The Endless Hope for Reconciliation
Edith Walker, Stockport
I came across a poem last year. I wish I’d read it years ago, before I tried to unfairly influence my vibrant daughter’s life — tried to get her to please everyone else and keep the peace — without much thought for what she wanted and what would make her happy.
This is a quote from “Your Children” by Kahil Gibran:
“…You may give them your love, but not your thoughts, for they have their own thoughts.
You may house their bodies, but not their souls, for their souls dwell in the house of tomorrow,
Which you cannot visit, not even in your dreams.
You may strive to be like them, but seek not to make them like you...”
As her mother, I should have been in her corner and defended her against all comers. I failed.
I only ever wanted the best for my children — what mother doesn’t?
But when I should have stood up for her, I turned against her, and now I must live with that every day. I made many mistakes with her while she was growing up. I can see that now, and I respect her courage to go it alone, courage I’ve never possessed.
I haven’t seen or spoken to her in years. I don’t know where she lives, and I am blocked from every communications channel that exists. I know nothing about her life. The pain I caused her must be immense, a pain so deep that cutting off everyone who loves her was the better choice.
I worry about her now, in the world, without a family behind her. To put it simply, every day my heart breaks.
I envy my friends, and the time they share with their adult daughters. I miss her on the big days — birthdays, Christmas, Mother’s Day. I miss her for the small things like her laugh, her constant mess, her music, her excited chatter. I long to hug her, and hold her tight and tell her I’m sorry.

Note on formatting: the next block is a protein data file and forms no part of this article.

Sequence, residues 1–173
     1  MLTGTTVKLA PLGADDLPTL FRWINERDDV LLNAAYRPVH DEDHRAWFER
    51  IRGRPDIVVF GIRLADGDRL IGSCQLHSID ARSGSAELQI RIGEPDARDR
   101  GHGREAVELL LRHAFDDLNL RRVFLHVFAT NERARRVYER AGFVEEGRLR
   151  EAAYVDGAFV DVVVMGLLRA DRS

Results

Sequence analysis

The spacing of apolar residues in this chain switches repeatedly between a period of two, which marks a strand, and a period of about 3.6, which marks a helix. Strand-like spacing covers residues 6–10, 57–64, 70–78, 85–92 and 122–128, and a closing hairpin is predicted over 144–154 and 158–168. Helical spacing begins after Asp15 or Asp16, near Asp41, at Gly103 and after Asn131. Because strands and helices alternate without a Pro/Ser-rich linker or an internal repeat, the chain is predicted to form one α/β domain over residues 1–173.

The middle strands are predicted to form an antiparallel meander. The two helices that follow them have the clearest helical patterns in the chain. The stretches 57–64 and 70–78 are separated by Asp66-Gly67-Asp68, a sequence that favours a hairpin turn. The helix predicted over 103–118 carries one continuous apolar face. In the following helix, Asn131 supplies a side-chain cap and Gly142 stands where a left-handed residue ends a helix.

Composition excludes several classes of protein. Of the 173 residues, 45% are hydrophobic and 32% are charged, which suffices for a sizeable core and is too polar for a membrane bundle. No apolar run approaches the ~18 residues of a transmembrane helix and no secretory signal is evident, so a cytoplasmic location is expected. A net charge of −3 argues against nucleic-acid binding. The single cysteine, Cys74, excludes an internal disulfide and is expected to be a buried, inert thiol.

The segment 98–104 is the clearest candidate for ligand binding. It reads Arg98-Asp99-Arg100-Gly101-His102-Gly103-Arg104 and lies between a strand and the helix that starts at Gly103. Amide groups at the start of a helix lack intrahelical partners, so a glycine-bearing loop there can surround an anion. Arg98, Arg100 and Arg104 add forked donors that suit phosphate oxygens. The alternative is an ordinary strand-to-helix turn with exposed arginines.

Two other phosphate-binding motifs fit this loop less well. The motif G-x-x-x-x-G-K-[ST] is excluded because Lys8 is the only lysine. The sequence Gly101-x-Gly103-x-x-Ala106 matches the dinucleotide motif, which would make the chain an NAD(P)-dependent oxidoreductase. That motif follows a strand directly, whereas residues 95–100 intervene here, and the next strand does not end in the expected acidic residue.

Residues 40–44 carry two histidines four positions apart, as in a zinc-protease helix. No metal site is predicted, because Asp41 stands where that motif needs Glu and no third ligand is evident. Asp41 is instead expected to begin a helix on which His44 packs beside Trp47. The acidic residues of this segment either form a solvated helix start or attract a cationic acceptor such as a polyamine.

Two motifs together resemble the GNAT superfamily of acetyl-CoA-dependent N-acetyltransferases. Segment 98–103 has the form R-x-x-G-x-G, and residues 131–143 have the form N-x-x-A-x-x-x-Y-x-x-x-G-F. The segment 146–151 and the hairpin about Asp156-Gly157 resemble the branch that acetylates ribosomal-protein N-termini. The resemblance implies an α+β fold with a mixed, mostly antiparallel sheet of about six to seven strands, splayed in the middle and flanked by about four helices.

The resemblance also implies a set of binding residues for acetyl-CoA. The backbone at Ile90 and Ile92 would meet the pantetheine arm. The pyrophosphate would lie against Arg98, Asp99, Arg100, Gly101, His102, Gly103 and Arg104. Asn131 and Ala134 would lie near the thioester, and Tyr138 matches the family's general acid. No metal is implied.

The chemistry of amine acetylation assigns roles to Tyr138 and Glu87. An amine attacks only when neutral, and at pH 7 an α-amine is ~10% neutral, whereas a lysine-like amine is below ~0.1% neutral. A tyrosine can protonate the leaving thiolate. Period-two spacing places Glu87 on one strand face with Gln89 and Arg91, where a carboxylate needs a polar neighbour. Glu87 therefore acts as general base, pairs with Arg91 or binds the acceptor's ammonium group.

In the beginning, I contacted her constantly. I hoped every time it would be the message that caused the breakthrough. Eventually I realised these were my issues, not hers, and that I must respect her choices, however much I didn’t want to. Now I fear she will think I don’t care, and that I have moved on without her. Nothing could be further from the truth.
We can never go back to where we once were, but I cling to the hope that one day she will give me a second chance, to begin again. If, or until, then my heart and my arms ache for her. I cannot move forward in my life, knowing she is out there alone.
Hope can be a killer. I’m constantly looking for her in every crowded place — just in case. Every big day I pray the doorbell will ring and she will be standing there. Our family circle is incomplete — everyone misses her.
If that day ever comes I’m ready to listen, ready to hear how my bad choices made her feel, however painful that will be. I’d take reconciliation on just about any terms — anything would be better than the pain of missing her — but then that’s the price I have to pay for the mistakes I made.
Fixing a relationship without communication is impossible so I have to wait and hope.
I want to tell her to her she was always enough — more than enough — and to carry that knowledge in her heart for the rest of her life. To believe in herself.
For now I live in hope — hope that one day she will be ready to talk to me and try again. More than I maybe deserve but all I dream of.
Until that day I send my love out into the ether and hope that she has good people around her who love and care about her as much as she deserves. I hope she is happy, loved and that all her dreams come true…and maybe, one day, if she is blessed to be a mother, she will be better than I ever was.
“Your children come through you, but not from you,
And though they are with you, yet they belong not to you”
Stand Alone is a charity that supports people who are estranged from their families or a key family member.
This post is one of a series of beneficiary blogs from our community, with a particular focus on reconciliation.
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